Jewish psychiatrist and Holocaust survivor Viktor Frankl drew attention to the differences between leading a happy life and leading a meaningful one.
Having experienced the horrors of the Nazi concentration camps, Frankl realized the difference between those who perished and those who survived. This same insight dawned on Frankl as a high school student when one of his teachers proclaimed to the class:
“Life is nothing more than a combustion process, a process of oxidation.”
“Sir, if this is so, then what can be the meaning of life?”
During his time in the camps, Frankl noticed that those who found meaning in their lives, even when facing imminent torture and death, were far more resilient than those who did not. In his bestselling 1946 book, “Man’s Search for Meaning,” he wrote:
“This uniqueness and singleness which distinguishes each individual and gives a meaning to his existence has a bearing on creative work as much as it does on human love. When the impossibility of replacing a person is realized, it allows the responsibility which a man has for his existence and its continuance to appear in all its magnitude.”
The book, which was listed in 1991 as one of the 10 most influential books in the United States, retells his experiences in the Theresienstadt concentration camp and his search for meaning in life. However, applying his message to American ideals of individual pursuit of happiness seems to be counterintuitive. Frankl, who passed away in 1997, wrote:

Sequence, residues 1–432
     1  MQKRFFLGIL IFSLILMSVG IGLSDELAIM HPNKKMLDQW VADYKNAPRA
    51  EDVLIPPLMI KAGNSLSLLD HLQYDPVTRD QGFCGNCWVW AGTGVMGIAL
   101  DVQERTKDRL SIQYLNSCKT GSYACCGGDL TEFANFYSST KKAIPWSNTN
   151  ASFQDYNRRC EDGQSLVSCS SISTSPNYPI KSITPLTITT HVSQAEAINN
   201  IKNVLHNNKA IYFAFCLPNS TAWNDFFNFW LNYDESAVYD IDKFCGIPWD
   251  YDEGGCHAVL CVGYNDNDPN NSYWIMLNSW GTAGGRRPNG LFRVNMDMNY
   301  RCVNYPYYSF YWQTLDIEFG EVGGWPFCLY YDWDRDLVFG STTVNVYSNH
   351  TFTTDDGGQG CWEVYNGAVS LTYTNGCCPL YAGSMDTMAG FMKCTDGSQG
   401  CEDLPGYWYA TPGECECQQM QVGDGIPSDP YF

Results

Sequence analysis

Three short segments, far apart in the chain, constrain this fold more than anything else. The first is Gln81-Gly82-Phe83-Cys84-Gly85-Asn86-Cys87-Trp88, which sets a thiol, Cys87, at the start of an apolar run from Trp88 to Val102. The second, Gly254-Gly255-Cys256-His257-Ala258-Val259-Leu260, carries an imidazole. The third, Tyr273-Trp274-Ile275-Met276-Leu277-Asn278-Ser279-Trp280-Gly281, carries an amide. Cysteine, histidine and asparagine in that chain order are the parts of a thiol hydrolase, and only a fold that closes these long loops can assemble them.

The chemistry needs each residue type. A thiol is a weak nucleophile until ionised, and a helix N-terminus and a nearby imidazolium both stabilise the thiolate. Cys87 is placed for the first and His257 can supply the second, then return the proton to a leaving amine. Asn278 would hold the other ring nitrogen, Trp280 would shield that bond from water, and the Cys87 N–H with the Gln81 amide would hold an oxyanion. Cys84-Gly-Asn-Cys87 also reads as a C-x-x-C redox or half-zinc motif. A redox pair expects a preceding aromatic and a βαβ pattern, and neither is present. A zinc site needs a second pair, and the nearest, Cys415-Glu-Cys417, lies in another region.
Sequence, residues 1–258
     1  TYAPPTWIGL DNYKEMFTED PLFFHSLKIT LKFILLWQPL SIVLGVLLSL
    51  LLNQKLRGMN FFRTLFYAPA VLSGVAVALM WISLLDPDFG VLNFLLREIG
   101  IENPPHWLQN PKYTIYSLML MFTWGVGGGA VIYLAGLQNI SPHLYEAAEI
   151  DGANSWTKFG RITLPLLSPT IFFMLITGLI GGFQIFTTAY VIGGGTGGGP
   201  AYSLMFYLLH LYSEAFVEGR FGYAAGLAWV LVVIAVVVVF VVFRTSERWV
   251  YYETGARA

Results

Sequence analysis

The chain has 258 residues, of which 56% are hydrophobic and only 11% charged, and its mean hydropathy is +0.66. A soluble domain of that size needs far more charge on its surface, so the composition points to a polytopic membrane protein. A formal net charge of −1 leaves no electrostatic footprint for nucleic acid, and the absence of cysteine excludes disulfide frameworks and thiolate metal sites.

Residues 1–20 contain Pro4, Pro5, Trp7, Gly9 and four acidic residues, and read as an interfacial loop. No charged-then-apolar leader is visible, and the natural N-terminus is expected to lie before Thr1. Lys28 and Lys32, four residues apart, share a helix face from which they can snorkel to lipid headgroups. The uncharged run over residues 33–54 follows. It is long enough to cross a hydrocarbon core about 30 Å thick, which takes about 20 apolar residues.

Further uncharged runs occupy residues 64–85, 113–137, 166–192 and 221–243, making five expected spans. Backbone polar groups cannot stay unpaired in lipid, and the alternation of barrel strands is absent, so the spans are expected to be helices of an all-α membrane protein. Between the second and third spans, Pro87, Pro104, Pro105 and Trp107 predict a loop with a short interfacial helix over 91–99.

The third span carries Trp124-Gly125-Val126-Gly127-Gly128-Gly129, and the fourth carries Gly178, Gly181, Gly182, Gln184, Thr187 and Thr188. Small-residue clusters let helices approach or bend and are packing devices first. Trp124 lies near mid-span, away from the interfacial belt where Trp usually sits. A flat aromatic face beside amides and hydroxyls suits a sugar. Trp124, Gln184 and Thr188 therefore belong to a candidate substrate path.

“To the European, it is a characteristic of the American culture that, again and again, one is commanded and ordered to ‘be happy.’ But happiness cannot be pursued; it must ensue. One must have a reason to ‘be happy.’ Once the reason is found, however, one becomes happy automatically. As we see, a human being is not one in pursuit of happiness but rather in search of a reason to become happy, last but not least, through actualizing the potential meaning inherent and dormant in a given situation.”
Research indicates that having a sense of purpose and meaning in life heightens overall well-being and contentment. On the other hand, a tunnel vision mindset in the pursuit of happiness leaves people more dissatisfied. According to Frankl:
“It is the very pursuit of happiness that thwarts happiness.”
In a social perspective, leading a happy life is synonymous with being a “taker,” while leading a meaningful life is associated with being a “giver.” Happiness is centered around feeling good and selfish behavior directed towards satisfying one’s own wants and desires. On the contrary, people who have heightened meaning in their lives tend to help others in need rather than focusing exclusively on their own needs.
Martin E. P. Seligman, a leading contemporary psychological scientist, offered his opinion on leading a meaningful life in his book “Learned Optimism: How to Change Your Mind and Your Life”:
“You use your highest strengths and talents to belong to and serve something you believe is larger than the self.”
Leading a meaningful life is something unique to being human. The pursuit of meaning rather than the pursuit to happiness allows human beings to be a part of something bigger than themselves.